She has suggested changes that include creating a government-supported clearinghouse to match researchers with a drug or technology to be evaluated, thereby keeping the scientists away from the company and avoiding a direct financial relationship between the two.

‘Chummy’ NIH Approach

Others believe the problem would be more directly attacked by detecting and punishing fraud rather than trying to publicize or constrain payments to researchers.

Researchers conducting federally financed research are entrusted with taxpayer money and human lives, and those found guilty of fraud “should be held personally liable, and they should be charged with criminal conduct,” Brian P. Hanley, a graduate student in microbiology at UC-Davis who assisted Ms. Zaragoza in her complaints against Ms. Dandekar, told the NIH in a written comment as part of its evaluation of new rules.

That’s not what typically happens. More common are cases such as that involving Judith M. Thomas and Juan R. Contreras, two University of Alabama at Birmingham scientists who were temporarily barred from receiving federal grant money earlier this month after they were found by the Office of Research Integrity to have falsified animal-study results. The two researchers had been using rhesus monkeys to study the effectiveness of drugs to prevent transplanted organ rejection. Among other things, the scientists removed only one of two kidneys from each animal, thereby exaggerating the apparent benefit of the drugs, the office said.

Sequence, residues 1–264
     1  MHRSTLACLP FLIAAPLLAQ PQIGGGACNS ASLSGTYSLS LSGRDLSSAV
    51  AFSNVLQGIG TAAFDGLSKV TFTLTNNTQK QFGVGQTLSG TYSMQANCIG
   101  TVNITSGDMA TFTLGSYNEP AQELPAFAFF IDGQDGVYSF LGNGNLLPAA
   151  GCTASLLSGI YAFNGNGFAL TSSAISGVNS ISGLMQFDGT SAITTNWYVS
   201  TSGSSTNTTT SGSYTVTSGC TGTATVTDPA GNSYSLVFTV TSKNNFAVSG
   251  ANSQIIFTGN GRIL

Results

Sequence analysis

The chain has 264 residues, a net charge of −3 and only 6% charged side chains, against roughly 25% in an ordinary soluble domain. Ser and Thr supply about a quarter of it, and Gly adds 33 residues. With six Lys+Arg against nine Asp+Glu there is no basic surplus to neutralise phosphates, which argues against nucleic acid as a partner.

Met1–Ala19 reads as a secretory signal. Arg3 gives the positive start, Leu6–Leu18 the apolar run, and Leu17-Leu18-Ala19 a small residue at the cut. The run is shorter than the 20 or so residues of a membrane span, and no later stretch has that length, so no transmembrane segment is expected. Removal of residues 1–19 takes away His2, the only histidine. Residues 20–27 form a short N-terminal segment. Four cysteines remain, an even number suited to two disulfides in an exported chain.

Even as he promotes financial disclosure, Senator Grassley says the NIH could toughen its approach, including revoking the grants of any university scientist who fails to report a financial conflict of interest. “If NIH was doing its job,” he said, “we wouldn’t have these problems.”

The problem is the “kind of a chummy relationship between NIH bureaucrats and these universities around the country,” he said. But Senator Grassley said he did not want to go immediately beyond a disclosure requirement, “because so many times I’ve seen transparency accomplish the goal.”

Universities have argued emphatically against any federal interference in their right to police research, even in cases involving federal money. Most faculty members care strongly enough about their institutional reputation to root out any cheaters in their midst, said Robert P. Lowman, associate vice chancellor for research at the University of North Carolina at Chapel Hill. Using outside agencies or scientists to oversee a university’s research would be costly, “and I don’t know that it will be better, enough better, to be worth the extra time and expense that’s involved,” Mr. Lowman said.